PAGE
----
By setting time limits on claims, statutes of limitations help to prevent courts from becoming overburdened with old cases that may be more difficult to adjudicate due to the passage of time and the potential deterioration of evidence.

  • Example: Without statutes of limitations, courts could become overwhelmed with cases that are difficult to adjudicate due to the passage of time. For instance, imagine a product liability case where a faulty product caused injury ten years ago. It might be challenging for the court to determine the facts of the case, as the product may no longer be in production, the manufacturer may have gone out of business, or key personnel may no longer be available to testify. By setting a statute of limitations, courts can focus on more recent cases with clearer evidence and facts.

When Does the Statute of Limitations Begin?

The statute of limitations usually begins when the injury occurs or when the plaintiff becomes aware of the injury (known as the “discovery rule”). The discovery rule allows the statute of limitations to be tolled or paused until the injured party discovers or reasonably should have discovered the harm caused by the defendant’s actions.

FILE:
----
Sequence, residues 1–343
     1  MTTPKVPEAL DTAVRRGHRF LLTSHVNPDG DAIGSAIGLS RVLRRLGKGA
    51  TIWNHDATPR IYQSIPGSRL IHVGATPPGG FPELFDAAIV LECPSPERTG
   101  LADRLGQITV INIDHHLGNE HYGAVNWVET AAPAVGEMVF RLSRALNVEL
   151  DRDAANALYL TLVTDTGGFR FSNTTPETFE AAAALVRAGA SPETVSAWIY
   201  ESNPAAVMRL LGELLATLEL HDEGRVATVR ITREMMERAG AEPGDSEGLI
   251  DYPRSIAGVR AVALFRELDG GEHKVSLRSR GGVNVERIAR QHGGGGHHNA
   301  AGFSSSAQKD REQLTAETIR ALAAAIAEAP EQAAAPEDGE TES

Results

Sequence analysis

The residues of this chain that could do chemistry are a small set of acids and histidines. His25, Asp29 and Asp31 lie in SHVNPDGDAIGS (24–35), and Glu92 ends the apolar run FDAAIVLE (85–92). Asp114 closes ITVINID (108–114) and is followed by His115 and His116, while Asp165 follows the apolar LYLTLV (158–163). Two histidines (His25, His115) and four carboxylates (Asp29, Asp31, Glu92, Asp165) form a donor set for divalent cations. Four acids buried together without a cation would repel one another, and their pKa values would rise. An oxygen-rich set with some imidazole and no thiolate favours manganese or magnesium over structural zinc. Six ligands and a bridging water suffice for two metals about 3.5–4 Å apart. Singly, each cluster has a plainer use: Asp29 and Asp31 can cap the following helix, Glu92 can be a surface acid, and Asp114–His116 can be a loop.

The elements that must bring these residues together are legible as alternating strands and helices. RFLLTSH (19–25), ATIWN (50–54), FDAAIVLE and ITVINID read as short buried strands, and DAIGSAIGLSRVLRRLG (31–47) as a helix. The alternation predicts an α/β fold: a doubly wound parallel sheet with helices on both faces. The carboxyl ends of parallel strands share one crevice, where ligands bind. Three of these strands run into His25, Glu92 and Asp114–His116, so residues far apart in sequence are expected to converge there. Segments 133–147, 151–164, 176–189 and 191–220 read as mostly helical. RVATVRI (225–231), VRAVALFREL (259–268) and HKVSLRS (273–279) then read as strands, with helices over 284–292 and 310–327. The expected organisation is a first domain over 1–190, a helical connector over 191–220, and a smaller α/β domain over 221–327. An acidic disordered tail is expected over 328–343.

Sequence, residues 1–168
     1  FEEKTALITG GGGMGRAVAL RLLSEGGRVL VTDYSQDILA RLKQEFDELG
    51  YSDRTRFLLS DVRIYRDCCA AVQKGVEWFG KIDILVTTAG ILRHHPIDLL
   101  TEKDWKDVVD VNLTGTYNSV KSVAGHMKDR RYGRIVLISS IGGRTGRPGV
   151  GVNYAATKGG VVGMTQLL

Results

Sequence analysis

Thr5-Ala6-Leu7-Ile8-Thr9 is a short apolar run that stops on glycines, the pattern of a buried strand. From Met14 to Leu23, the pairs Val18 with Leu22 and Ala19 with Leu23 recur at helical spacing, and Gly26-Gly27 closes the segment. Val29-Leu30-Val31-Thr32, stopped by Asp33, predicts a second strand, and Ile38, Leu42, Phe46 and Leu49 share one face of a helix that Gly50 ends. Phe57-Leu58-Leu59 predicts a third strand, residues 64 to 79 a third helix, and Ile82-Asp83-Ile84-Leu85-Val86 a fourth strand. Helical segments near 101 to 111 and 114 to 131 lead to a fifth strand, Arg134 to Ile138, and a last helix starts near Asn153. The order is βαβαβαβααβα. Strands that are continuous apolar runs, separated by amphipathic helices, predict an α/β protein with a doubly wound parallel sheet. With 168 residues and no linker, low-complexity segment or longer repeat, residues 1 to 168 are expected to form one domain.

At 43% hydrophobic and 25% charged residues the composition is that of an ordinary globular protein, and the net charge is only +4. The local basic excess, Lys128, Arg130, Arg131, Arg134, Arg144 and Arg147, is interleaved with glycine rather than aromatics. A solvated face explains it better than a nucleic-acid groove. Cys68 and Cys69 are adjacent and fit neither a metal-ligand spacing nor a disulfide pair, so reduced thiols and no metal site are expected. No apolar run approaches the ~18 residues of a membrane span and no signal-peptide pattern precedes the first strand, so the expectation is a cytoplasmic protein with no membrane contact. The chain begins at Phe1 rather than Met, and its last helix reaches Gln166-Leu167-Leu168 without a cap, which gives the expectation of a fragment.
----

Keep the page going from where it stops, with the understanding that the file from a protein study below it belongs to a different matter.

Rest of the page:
For instance, consider a medical malpractice case where a surgeon leaves a surgical instrument inside a patient. The patient may not experience any symptoms or complications for several months or even years. Without the discovery rule, the statute of limitations could expire before the patient becomes aware of the injury, preventing them from filing a lawsuit.

By allowing the statute of limitations to be tolled or paused until the injured party discovers or reasonably should have discovered the harm, the discovery rule balances the need for timely legal action with the realities of situations where injuries or damages may not be immediately apparent.

The typical length of the statute of limitations for personal injury cases, such as a negligence complaint related to a car accident, varies depending on the jurisdiction.